At yesterday’s meeting of the Wichita City Council, the water department asked for permission to add $1.00 per month to water bills. It’s actually a $2.00 per month proposed increase, as $1.00 would be added to both the water charge and the sewer charge, and most people have both services.
It’s estimated that this charge would bring in $270,000 per month, or about $3,240,000 per year.
The problem is that with the rainy weather for the past year or more, water usage is down. The water department would like to “guarantee a revenue stream not affected by weather conditions.” This is at a time when the water department is undertaking some expensive capital improvement programs, including an aquifer recharge program.
In answering a question, Kristi Irick, customer service manager for the water department, said “If we have a nice dry summer, like we’re hoping for …” This illustrates a conflict of interest: the water department wants revenue, but water customers don’t want to pay a lot to water their lawns. It seems that everyone except the water department views rainfall in the Kansas summer as a blessing.
One citizen said that in light of the federal government recently spending “$700 billion [sic] just to give jobs back to people so they can make a living,” not considering this proposed increase is “petty.” He suggested an additional $1.00 per month increase so that the city could train people and give them jobs in water efficiency. He also suggested a rebate program for those who who are “truly suffering and have done everything they can” to use water wisely.
His suggestion for an even steeper rate increase was met with a chuckle from the audience.
In general, council members and the mayor expressed concern over the proposed increase. The competitiveness of Wichita versus other cities was mentioned, as was the large number of recently laid-off workers in Wichita.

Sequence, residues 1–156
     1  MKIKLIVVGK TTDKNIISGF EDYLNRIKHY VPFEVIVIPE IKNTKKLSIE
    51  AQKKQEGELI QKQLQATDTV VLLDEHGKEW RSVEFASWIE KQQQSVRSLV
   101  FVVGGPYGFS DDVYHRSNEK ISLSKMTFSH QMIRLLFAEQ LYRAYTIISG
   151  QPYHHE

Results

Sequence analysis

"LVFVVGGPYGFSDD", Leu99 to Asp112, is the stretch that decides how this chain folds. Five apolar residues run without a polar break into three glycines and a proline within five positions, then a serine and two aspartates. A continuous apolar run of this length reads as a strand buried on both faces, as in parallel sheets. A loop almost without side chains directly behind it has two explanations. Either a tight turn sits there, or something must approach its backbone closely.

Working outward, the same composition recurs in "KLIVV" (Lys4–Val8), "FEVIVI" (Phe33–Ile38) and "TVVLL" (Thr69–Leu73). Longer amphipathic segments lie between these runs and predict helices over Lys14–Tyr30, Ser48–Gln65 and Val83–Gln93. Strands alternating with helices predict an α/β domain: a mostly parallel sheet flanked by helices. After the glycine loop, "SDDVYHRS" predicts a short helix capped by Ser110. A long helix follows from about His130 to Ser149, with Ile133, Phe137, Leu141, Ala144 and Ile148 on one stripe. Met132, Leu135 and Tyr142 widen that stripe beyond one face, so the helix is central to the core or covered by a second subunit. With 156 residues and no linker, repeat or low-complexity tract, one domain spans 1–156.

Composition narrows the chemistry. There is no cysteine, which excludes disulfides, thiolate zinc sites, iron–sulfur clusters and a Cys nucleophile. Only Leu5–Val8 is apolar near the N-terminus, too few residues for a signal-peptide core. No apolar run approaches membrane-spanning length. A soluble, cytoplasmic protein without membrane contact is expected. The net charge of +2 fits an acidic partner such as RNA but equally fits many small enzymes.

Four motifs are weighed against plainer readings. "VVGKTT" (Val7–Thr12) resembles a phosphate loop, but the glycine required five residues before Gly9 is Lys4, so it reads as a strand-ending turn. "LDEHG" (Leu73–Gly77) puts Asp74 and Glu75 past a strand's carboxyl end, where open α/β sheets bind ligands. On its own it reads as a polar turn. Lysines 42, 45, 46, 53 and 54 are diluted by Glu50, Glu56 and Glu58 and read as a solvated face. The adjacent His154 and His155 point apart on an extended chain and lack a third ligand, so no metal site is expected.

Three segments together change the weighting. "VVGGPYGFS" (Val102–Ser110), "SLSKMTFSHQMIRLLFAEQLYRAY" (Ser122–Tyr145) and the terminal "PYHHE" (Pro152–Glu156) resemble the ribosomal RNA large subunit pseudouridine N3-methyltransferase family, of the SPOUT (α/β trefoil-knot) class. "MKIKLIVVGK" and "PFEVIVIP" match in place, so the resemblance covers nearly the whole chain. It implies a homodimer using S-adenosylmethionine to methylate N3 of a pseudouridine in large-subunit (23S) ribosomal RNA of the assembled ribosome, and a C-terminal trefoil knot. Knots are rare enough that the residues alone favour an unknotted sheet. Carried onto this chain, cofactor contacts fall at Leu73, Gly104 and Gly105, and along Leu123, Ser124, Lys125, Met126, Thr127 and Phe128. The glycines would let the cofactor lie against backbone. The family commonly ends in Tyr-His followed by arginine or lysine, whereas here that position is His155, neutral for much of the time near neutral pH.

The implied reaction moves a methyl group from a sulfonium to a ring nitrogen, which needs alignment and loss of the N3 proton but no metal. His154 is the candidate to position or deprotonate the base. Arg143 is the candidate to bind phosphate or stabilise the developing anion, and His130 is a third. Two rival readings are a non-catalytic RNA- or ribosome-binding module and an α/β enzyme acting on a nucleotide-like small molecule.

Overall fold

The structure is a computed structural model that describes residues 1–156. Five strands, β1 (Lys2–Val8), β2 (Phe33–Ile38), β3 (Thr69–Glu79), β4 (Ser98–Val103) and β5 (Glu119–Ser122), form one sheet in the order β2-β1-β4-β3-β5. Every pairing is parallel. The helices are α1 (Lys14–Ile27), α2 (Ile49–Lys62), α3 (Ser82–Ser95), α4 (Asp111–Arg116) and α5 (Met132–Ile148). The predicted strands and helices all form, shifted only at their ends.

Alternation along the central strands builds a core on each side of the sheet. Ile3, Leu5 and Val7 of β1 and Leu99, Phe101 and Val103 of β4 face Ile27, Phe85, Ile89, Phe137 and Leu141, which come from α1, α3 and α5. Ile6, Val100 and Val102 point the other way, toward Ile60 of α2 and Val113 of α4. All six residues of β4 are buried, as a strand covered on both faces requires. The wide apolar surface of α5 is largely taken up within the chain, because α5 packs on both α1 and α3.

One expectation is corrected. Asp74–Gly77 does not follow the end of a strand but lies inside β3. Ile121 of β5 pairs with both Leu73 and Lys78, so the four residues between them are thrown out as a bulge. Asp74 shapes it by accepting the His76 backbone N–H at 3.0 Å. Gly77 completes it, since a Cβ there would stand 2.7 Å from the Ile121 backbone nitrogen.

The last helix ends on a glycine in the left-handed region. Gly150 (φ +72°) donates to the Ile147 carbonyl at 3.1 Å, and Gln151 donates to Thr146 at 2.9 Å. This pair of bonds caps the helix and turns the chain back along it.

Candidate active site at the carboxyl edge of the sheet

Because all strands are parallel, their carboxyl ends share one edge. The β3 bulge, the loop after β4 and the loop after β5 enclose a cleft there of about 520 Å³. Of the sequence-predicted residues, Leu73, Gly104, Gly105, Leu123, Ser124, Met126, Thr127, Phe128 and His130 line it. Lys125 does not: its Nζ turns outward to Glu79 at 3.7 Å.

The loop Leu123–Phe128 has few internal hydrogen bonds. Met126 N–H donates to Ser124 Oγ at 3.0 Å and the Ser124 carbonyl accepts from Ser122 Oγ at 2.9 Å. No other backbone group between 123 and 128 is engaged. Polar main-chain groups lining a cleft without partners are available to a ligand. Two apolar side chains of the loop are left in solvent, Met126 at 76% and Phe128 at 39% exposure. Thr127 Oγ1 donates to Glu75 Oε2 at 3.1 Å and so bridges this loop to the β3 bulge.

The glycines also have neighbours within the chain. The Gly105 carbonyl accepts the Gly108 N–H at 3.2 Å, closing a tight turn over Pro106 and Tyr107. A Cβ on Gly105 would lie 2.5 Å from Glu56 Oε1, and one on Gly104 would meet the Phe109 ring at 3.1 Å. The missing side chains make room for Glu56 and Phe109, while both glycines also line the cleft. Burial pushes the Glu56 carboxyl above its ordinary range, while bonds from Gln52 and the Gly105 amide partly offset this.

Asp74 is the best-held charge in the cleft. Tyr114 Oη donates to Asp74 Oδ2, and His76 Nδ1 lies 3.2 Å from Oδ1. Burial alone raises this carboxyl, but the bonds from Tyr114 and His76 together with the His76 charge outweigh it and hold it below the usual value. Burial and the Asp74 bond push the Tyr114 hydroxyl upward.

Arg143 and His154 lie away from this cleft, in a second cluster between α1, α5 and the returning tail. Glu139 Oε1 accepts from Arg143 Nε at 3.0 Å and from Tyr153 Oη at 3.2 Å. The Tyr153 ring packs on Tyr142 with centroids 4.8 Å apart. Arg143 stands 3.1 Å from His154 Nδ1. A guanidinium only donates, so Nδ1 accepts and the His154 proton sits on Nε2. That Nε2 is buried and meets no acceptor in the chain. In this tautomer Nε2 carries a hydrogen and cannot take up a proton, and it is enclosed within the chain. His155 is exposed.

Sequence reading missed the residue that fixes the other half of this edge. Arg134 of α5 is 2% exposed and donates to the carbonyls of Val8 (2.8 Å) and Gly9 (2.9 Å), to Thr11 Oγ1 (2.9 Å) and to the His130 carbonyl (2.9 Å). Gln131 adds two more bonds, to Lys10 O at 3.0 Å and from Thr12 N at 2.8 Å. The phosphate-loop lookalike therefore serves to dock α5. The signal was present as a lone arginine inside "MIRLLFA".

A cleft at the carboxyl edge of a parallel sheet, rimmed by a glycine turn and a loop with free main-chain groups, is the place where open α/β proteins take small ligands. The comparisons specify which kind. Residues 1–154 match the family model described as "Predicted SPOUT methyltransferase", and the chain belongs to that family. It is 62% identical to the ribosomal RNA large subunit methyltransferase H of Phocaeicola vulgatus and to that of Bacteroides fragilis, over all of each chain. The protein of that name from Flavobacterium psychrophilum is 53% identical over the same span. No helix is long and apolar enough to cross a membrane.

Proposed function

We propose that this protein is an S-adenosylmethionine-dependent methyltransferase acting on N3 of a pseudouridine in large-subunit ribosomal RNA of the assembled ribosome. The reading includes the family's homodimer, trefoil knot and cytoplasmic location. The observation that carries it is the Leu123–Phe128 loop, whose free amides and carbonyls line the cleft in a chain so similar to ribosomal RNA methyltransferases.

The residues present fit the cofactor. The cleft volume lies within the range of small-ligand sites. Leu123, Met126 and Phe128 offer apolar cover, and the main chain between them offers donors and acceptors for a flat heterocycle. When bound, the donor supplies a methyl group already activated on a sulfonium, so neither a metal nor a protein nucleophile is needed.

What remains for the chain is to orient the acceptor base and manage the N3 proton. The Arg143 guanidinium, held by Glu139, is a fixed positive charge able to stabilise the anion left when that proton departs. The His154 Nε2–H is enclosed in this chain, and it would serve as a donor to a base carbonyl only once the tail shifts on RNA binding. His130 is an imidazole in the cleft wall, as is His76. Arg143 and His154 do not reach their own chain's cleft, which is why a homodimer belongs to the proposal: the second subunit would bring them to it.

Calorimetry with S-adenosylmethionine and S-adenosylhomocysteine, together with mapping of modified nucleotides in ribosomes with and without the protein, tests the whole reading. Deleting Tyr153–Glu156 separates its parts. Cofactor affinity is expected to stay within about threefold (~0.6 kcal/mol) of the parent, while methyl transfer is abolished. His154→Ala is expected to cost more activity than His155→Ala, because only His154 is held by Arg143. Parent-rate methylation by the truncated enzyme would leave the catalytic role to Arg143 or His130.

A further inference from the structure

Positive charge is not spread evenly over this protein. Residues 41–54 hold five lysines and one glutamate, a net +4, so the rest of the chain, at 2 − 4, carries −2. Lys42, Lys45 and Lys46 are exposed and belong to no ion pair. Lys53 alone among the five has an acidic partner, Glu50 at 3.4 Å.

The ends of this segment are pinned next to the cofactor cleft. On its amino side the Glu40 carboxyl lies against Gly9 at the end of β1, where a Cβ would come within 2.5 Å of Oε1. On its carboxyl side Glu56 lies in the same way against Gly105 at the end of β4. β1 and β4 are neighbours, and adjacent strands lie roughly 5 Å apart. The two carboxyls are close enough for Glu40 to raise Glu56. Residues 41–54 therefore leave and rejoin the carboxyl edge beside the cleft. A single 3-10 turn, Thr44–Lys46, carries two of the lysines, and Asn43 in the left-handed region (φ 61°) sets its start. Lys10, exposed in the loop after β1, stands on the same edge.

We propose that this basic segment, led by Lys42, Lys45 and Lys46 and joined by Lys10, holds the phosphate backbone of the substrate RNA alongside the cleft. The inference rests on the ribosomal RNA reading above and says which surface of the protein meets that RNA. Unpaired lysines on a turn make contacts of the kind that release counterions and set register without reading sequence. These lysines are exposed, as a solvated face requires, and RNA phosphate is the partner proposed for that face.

Council member Paul Gray said that “we have a process of revenue generation that is counterproductive to conservation.” The need for a water rate increase, he said, is that use is down. He wants to find an alternative way of paying for the aquifer recharge project, an idea supported by other council members.
In the end, the council deferred action, wanting to wait for methods of alternative funding to be discovered.
We should be glad that Wichita water and sewer rates are low. That’s a blessing, not a problem.
The concern of the council over water and sewer rates, while welcome, is a little misplaced. Concern for the citizens of Wichita is a factor in some types of spending, but not for others. As an example, earlier in the meeting the council approved a grant of $20,000 to a private business in Wichita to help them upgrade the facade of their building. A cynic might say the city just increased the profit of a private business by $20,000, all at the expense of taxpayers if Wichita.
Or, the city spends some $2,000,000 per year subsidizing arts in Wichita. That’s a burden to the finances of many homes in Wichita, just as an increase in water rates is.
Even worse, our electric utility has been increasing its rates by amounts much larger than this proposed water increase. A large reason for this request is the expense of wind power. I imagine a number of city council members support wind power and renewable energy.
It seems there there is momentum towards paying for the aquifer recharge project is a way other than through water bills. If this happens, it will isolate to some degree the cost of the city’s water system from the level that people make use of it.